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0 0.5 1 1.5 2+ Mortality -19% Improvement Relative Risk Ventilation -461% ICU admission -463% Awad et al. HCQ for COVID-19 LATE TREATMENT Is late treatment with HCQ beneficial for COVID-19? Retrospective 336 patients in the USA Higher ventilation (p<0.0001) and ICU admission (p<0.0001) Awad et al., American J. Health-System Pharmacy, doi:10.1093/ajhp/zxab056 Favors HCQ Favors control
Impact of hydroxychloroquine on disease progression and ICU admissions in patients with SARS-CoV-2 infection
Awad et al., American Journal of Health-System Pharmacy, doi:10.1093/ajhp/zxab056
Awad et al., Impact of hydroxychloroquine on disease progression and ICU admissions in patients with SARS-CoV-2 infection, American Journal of Health-System Pharmacy, doi:10.1093/ajhp/zxab056
Feb 2021   Source   PDF  
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This paper has inconsistent values - the number of treatment and control patients differs in the text and Table 1, we have used treatment 188 and control 148. Retrospective 336 hospitalized patients in the USA showing higher mortality, ICU admission, and intubation with treatment. Confounding by indication is likely. Time varying confounding is also likely due to declining usage over the early period when overall treatment protocols were also improving dramatically. Authors and reviewers appear to be unfamiliar with either of these. This study is excluded in the after exclusion results of meta analysis: substantial confounding by time likely due to declining usage over the early stages of the pandemic when overall treatment protocols improved dramatically; substantial unadjusted confounding by indication likely.
risk of death, 19.1% higher, RR 1.19, p = 0.60, treatment 56 of 188 (29.8%), control 37 of 148 (25.0%).
risk of mechanical ventilation, 460.7% higher, RR 5.61, p < 0.001, treatment 64 of 188 (34.0%), control 9 of 148 (6.1%), adjusted per study, odds ratio converted to relative risk.
risk of ICU admission, 463.4% higher, RR 5.63, p < 0.001, treatment 67 of 188 (35.6%), control 9 of 148 (6.1%), adjusted per study, odds ratio converted to relative risk.
Effect extraction follows pre-specified rules prioritizing more serious outcomes. Submit updates
Awad et al., 18 Feb 2021, retrospective, USA, peer-reviewed, 4 authors.
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Abstract: CLINICAL REPORT Impact of hydroxychloroquine on disease progression and ICU admissions in patients with SARS-CoV-2 infection Nirvana Awad, PharmD, BCPS, Montefiore Nyack Hospital, Nyack, NY, USA Daryl S. Schiller, PharmD, FASHP, BCPS-AQ ID, Montefiore Nyack Hospital, Nyack, NY, USA Azfar Chak, MD, Montefiore Nyack Hospital, Nyack, NY, USA Methods. A retrospective, observational cohort study was conducted to determine selected treatment outcomes in 336 patients hospitalized with COVID-19 at an acute care community hospital in the Hudson Valley region of New York from March 20 to April 20, 2020. Eligibility included admission to the hospital, a laboratory-confirmed diagnosis of SARS-CoV-2 infection, and no need for intubation or intensive care at admission. The median (interquartile range) ages of patients who received hydroxychloroquine (n = 188) and those who did not (n = 148) were 68 (58-82) and 64 (5173) years, respectively. In a multivariable model that included age, gender, obesity, diabetes, and hydroxychloroquine use, patients who received hydroxychloroquine were significantly more likely than those not treated with the drug to be transferred to an ICU (odds ratio, [OR], 8.1; 95% confidence interval [CI]: 3.8-17) and significantly more likely to be intubated (OR, 7.99; 95% CI, 3.76-16.91); these associations were not influenced by disease severity. In-hospital mortality did not differ significantly with disease severity between those who did and those who did not receive hydroxychloroquine. Conclusion. Hydroxychloroquine use was significantly associated with increased risks of ICU admission and intubation in patients with mild, moderate, and severe symptoms of COVID-19. There were no significant between-group differences in mortality with use vs nonuse of hydroxychloroquine. Keywords: coronavirus, hydroxychloroquine, infection Am J Health-Syst Pharm. 2021;78:689-696 C Address correspondence to Dr. Awad ( Published by Oxford University Press on behalf of the American Society of Health-System Pharmacists 2021. This work is written by (a) US Government employee(s) and is in the public domain in the US. DOI 10.1093/ajhp/zxab056 oronavirus disease 2019 (COVID19) caused by severe acute respiratory syndrome-coronavirus 2 (SARS-CoV-2) has been characterized as a global pandemic, with a current case-fatality rate of 2.2% in the United States alone.1 In New York State, COVID-19 had resulted in over 33,000 deaths as of November 17, 2020—the largest COVID-19 mortality burden in the nation.2 The illness course has been variable and unpredictable, as many patients infected with SARSCoV-2 remain asymptomatic or have AM J HEALTH-SYST PHARM | mild symptoms, while others progress to developing severe pneumonia requiring mechanical ventilation. Therapeutic agents under investigation target different phases of COVID-19, including acute viral illness and pulmonary and proinflammatory phases. Due to the rapid spread and progression of COVID-19, effective treatments are desperately needed. Numerous medications, including hydroxychloroquine, have been used to treat COVID-19 because of their antiviral and anti-inflammatory properties. VOLUME 78 | NUMBER 8 | April 15, 2021  689 Magda Fulman, PharmD, BCPS, Montefiore Nyack Hospital, Nyack, NY, USA Purpose. To evaluate whether use of hydroxychloroquine was..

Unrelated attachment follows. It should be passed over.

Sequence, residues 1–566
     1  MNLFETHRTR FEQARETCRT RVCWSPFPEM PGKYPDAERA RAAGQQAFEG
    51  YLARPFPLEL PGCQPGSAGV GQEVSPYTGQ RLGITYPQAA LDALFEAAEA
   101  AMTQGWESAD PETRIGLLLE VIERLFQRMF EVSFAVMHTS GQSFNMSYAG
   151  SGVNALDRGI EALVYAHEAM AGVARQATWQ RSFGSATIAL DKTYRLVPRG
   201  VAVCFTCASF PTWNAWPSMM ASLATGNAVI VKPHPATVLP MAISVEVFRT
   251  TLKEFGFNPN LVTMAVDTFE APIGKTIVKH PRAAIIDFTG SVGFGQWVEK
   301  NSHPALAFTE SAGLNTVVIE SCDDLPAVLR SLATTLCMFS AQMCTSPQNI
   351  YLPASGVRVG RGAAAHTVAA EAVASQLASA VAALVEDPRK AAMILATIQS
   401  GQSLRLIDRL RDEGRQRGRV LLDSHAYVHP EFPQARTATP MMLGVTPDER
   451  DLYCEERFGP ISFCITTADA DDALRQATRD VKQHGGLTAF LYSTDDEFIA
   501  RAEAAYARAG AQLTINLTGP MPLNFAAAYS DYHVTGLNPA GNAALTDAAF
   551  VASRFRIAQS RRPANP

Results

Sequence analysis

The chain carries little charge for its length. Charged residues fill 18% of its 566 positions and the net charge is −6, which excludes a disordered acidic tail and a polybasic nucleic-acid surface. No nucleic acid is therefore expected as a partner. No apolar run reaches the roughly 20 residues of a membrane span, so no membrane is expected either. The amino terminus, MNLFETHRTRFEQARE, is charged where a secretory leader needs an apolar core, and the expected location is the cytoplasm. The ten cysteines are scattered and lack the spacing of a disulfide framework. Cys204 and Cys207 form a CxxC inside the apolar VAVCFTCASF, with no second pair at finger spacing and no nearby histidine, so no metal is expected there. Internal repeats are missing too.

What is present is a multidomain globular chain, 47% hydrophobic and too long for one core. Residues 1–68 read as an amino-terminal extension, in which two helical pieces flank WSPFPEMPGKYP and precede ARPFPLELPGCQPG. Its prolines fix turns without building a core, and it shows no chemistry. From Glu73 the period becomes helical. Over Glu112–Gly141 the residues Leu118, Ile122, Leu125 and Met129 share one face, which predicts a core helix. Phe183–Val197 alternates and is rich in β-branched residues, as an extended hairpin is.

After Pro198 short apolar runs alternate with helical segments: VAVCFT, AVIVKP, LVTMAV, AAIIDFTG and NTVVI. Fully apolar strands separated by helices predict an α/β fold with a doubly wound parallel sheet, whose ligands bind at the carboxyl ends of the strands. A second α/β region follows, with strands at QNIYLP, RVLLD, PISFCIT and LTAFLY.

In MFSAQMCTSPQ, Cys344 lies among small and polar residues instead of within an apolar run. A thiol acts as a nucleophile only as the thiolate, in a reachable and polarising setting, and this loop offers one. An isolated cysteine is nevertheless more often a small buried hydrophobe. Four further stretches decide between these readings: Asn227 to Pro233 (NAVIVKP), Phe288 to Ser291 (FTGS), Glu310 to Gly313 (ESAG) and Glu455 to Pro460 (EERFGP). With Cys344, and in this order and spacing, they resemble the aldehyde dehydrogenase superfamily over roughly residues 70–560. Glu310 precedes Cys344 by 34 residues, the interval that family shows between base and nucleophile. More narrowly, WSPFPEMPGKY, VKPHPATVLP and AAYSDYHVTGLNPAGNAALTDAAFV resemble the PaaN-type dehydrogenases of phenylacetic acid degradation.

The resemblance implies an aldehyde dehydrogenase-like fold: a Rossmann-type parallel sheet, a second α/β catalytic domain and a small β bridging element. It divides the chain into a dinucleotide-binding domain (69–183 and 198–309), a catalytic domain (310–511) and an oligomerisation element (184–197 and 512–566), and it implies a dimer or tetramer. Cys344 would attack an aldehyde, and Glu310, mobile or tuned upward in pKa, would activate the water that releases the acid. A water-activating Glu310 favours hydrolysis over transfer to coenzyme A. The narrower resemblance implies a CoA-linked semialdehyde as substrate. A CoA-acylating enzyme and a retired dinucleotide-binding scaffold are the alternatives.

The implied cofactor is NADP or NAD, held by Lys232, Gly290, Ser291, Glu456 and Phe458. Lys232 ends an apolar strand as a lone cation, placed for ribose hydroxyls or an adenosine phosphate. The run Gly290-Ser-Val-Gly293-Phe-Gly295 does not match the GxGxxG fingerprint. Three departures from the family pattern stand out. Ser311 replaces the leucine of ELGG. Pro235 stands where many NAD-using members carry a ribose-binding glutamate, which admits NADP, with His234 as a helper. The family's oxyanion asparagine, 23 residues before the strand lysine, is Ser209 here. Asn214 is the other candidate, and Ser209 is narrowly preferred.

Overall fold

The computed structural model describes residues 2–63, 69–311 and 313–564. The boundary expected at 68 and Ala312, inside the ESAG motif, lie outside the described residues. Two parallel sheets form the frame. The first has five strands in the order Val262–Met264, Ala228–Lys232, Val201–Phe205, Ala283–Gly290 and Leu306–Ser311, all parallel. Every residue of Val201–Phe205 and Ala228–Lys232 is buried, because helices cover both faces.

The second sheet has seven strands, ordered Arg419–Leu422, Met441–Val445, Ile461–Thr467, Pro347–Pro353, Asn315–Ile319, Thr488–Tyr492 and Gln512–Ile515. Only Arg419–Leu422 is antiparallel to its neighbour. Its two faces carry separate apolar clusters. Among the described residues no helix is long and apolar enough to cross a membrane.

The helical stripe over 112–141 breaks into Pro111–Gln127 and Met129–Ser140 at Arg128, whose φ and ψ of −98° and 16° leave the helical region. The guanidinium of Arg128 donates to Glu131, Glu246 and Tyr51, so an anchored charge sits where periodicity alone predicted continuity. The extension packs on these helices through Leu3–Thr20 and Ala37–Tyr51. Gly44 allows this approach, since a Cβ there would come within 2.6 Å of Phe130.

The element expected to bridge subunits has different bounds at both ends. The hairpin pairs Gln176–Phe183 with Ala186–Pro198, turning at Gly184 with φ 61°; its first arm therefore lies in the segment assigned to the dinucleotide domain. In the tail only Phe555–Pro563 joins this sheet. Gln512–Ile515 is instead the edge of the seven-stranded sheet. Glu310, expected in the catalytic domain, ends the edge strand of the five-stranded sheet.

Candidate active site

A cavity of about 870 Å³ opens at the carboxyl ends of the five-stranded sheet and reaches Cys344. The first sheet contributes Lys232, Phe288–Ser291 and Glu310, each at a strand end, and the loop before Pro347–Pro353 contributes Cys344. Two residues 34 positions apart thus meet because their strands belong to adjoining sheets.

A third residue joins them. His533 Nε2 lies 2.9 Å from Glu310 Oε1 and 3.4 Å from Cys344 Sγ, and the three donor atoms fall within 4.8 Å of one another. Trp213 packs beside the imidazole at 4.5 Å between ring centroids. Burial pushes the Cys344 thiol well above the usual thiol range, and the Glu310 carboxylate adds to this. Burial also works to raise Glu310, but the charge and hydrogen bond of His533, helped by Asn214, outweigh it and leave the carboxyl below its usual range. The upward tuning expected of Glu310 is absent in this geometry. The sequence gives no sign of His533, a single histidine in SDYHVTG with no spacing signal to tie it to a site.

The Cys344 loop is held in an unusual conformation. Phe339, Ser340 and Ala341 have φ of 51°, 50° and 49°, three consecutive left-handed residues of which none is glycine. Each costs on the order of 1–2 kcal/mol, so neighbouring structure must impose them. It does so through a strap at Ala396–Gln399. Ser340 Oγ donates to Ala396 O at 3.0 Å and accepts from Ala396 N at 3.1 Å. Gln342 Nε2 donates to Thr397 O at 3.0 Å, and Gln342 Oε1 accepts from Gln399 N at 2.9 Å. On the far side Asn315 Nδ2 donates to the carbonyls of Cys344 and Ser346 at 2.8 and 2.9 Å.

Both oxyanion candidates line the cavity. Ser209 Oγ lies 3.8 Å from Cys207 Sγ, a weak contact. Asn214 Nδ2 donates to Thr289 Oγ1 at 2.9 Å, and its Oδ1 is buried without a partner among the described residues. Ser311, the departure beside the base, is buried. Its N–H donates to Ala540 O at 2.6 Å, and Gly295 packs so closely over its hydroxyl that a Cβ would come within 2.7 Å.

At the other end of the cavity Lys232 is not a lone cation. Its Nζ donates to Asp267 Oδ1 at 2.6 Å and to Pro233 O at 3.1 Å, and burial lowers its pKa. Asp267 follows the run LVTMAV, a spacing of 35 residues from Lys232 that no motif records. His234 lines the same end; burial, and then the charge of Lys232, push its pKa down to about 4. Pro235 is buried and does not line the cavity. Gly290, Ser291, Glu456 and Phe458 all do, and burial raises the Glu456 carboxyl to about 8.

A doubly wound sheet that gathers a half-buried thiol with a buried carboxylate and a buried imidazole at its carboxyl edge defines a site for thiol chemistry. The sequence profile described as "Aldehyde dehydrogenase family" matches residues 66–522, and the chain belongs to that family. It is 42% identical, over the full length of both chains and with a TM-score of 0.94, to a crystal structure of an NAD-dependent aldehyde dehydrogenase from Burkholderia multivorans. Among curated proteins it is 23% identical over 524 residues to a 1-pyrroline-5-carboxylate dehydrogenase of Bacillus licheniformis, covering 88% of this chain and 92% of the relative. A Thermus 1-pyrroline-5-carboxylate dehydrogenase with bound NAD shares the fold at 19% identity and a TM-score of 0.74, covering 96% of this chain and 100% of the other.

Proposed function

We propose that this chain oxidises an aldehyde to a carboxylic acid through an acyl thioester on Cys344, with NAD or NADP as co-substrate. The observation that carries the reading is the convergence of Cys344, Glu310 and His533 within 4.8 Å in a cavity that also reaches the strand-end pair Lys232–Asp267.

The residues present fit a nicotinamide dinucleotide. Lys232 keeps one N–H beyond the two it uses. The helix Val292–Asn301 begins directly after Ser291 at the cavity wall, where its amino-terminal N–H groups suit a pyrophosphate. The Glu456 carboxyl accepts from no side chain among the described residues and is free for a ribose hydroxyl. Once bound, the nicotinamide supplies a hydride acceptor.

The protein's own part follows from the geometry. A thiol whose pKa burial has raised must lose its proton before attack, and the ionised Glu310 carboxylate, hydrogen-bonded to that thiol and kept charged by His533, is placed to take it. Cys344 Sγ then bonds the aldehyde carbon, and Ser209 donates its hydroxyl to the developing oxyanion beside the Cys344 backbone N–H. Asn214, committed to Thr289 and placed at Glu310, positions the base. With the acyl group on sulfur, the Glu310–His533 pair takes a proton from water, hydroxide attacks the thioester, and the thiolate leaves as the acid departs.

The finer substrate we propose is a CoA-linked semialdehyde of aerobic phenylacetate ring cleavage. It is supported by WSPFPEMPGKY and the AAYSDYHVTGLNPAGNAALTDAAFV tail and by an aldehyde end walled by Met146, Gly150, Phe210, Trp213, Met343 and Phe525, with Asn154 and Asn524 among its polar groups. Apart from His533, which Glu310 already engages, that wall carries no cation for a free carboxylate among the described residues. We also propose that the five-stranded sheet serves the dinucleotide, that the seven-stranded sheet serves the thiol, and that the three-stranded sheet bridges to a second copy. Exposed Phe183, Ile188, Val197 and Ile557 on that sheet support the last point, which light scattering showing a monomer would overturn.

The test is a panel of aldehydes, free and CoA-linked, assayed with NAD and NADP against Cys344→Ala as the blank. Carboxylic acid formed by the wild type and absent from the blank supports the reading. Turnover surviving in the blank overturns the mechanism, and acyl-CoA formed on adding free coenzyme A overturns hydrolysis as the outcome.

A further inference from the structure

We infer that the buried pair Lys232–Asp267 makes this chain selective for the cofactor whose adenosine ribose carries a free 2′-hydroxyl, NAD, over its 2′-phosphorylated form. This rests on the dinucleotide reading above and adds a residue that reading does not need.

Late treatment
is less effective
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